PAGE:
Engaging the Nexus: Using Tools within Healthcare Education and Clinical Practice Settings to Strengthen IPECP and Achieve the Triple Aim
Collaborating Across Borders 2015 Abstract
Presentation Background: The Nexus, as defined by the National Center for Interprofessional Practice and Education, is the alignment of healthcare delivery with interprofessional education. Development and maturation of the Nexus is viewed by experts in the field of interprofessional education and collaborative practice (IPECP) as an innovative strategy for achieving the Triple Aim  (i.e., improving the patient experience of care, improving the health of populations, and improving the per capita cost of healthcare).
To strengthen the Nexus, new IPECP-related practice models have been emerging across the nation. In 2013, an IPECP pilot project was developed and implemented in a clinical practice setting for a pre- and post-licensure healthcare provider population. The project was a five-week long course that consisted of two face-to-face sessions and five on-line modules. The course supplied basic knowledge on the field of IPECP, and offered opportunities to apply knowledge gained through structured, team-based experiences. The long-term goal of the project was to have a positive impact on site- level outcomes, as defined by the Triple Aim.
This is a presentation on the use of five tools found within the Nexus of the project site. These tools were used for the development, implementation and evaluation of the 2013 pilot project. Listeners will be encouraged to consider application of the five tools to existing and future projects found within their own Nexus settings.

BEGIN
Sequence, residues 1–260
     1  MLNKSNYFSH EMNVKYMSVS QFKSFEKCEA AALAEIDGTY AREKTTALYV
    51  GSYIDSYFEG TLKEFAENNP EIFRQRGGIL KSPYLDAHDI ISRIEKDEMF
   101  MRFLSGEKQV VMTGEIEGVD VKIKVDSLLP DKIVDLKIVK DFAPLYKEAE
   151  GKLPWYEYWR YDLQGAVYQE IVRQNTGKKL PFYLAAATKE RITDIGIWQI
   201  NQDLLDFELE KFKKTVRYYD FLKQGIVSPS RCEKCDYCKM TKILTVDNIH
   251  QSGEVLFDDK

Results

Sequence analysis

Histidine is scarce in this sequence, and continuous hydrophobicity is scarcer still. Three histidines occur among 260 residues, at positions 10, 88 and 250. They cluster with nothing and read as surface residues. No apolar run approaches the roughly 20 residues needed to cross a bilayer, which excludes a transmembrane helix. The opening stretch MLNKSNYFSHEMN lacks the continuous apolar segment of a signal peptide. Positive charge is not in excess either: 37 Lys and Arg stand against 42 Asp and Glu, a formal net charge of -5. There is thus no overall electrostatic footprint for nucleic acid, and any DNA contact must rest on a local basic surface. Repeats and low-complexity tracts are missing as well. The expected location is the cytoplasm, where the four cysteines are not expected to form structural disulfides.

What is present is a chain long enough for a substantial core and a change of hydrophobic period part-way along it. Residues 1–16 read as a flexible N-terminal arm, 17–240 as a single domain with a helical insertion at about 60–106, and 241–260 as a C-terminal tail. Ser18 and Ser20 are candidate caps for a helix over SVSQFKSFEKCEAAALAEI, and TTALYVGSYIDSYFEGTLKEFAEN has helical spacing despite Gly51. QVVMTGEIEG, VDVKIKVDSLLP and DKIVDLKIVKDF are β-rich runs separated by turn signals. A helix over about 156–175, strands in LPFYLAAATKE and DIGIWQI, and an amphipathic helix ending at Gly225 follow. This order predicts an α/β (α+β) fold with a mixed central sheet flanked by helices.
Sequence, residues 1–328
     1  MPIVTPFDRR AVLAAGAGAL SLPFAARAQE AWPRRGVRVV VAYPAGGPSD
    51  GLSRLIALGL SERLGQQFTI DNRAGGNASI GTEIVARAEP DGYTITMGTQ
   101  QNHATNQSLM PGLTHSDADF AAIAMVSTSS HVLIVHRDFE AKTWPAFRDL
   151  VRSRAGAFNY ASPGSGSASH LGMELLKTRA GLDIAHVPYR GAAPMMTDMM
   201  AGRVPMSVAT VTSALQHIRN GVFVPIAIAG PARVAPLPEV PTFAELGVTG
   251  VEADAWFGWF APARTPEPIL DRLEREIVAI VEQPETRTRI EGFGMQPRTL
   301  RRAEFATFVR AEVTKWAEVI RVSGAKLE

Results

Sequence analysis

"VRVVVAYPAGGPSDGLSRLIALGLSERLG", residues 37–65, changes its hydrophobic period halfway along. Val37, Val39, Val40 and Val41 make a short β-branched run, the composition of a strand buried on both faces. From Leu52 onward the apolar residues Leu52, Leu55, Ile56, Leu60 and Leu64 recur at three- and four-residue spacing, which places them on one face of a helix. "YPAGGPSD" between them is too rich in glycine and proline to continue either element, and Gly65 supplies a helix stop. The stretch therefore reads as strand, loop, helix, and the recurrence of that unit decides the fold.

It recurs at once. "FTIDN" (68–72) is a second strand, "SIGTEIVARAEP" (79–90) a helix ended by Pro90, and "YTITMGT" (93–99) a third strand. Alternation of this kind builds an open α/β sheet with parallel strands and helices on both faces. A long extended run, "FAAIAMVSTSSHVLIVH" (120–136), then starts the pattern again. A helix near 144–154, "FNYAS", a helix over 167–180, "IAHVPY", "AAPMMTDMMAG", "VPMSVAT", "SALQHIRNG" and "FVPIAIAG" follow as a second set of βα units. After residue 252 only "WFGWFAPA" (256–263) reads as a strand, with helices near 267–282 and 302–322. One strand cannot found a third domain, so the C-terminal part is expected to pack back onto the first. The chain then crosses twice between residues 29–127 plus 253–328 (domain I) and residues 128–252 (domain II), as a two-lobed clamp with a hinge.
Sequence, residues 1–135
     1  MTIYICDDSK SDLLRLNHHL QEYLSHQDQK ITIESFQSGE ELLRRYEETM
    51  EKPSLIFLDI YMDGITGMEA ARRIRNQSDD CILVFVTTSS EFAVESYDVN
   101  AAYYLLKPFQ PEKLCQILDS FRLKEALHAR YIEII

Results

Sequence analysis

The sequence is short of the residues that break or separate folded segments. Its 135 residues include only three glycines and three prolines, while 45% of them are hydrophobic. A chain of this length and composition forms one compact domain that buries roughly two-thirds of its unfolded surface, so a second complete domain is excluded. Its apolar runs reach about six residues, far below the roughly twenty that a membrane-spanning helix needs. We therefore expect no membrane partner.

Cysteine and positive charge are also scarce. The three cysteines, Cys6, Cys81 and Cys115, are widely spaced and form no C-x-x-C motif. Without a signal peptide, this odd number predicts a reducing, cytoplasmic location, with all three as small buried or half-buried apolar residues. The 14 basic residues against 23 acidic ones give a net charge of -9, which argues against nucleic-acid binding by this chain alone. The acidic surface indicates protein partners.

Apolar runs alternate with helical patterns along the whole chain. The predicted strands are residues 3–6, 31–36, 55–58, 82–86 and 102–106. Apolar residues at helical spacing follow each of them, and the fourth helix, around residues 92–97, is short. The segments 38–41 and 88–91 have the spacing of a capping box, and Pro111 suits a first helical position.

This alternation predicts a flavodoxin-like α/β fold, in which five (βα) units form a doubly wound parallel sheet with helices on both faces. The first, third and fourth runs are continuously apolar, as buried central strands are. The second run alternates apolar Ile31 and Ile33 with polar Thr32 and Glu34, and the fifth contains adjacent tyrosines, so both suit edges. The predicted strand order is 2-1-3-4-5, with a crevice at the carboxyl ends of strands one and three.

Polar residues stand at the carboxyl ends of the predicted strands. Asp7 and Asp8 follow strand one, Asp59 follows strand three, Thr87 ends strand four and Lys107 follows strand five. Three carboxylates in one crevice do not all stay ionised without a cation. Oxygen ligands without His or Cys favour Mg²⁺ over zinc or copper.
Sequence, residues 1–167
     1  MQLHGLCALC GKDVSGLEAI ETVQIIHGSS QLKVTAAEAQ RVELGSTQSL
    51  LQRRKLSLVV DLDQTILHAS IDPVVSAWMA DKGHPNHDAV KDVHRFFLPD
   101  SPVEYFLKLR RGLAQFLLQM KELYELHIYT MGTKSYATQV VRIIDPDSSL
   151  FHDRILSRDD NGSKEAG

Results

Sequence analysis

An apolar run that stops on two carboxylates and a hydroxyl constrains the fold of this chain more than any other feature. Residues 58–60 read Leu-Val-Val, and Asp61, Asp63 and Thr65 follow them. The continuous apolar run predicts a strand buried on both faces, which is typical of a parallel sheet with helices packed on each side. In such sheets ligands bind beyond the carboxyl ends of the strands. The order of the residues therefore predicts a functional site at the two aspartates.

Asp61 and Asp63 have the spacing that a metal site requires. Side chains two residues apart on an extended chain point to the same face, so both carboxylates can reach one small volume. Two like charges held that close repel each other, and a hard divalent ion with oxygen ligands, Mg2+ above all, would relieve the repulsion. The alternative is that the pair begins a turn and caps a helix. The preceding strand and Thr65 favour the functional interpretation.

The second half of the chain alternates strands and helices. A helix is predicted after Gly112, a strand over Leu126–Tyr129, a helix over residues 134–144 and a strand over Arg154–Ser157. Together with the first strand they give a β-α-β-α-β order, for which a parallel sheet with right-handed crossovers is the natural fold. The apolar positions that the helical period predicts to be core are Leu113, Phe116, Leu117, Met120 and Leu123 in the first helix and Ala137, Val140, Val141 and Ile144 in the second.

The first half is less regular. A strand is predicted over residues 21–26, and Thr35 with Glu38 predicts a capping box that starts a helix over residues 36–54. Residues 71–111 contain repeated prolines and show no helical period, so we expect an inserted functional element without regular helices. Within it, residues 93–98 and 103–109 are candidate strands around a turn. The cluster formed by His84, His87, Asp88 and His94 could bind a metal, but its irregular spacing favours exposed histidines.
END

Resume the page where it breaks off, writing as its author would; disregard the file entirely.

Project Methods: The following five tools were discerned for use in the development, implementation, and evaluation the 2013 IPECP pilot project: a) face-to- face interviews with healthcare educators and clinicians in the field of IPECP for recommendations on use of content, teaching strategies, and evaluation methodologies, b) assessment of the project site for strengths and weaknesses to teach, learn, and practice interprofessionally, using an IPECP site assessment tool, c) informal collection of anonymous comments concerning attitudes towards IPECP from post-licensure providers at the practice site, d) visits to Nexus practice- sites engaged in developing patient-centered, team- based models of care, and e) ongoing input from experts in the field during the implementation phase of the project.
Project Results: Use of the five tools discerned within the Nexus of the project site yielded the following outcomes for use in the 2013 pilot project: a) interviews with experts generated six thematic concepts and requirements for project design, implementation, and evaluation, b) use of the site assessment tool identified level of site readiness to engage in an IPECP-related project, c) anonymous comments from post-licensure providers focused the intervention on areas of site weakness, d) visits to practice sites implementing IPECP underscored the value of tailoring the IPECP intervention to the unique needs of the practice site, and e) modifications to the project were made based on continuing input from experts in the field.
Presentation Conclusion: This presentation reports on the use of five tools found within the Nexus of a 2013 project site. These tools have application to current and future projects within other Nexus settings. Their use can further the development of IPECP, and support achievement of site-level outcomes, as defined by the Triple Aim.
 National Center for Interprofessional Education and Practice, Learn About the Nexus. Available from https://nexusipe.org/about-nexus
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 Regents of the University of Minnesota. InSITE (developed by Sick, B.). 2013. Minneapolis, Minnesota: Regents of the University of Minnesota.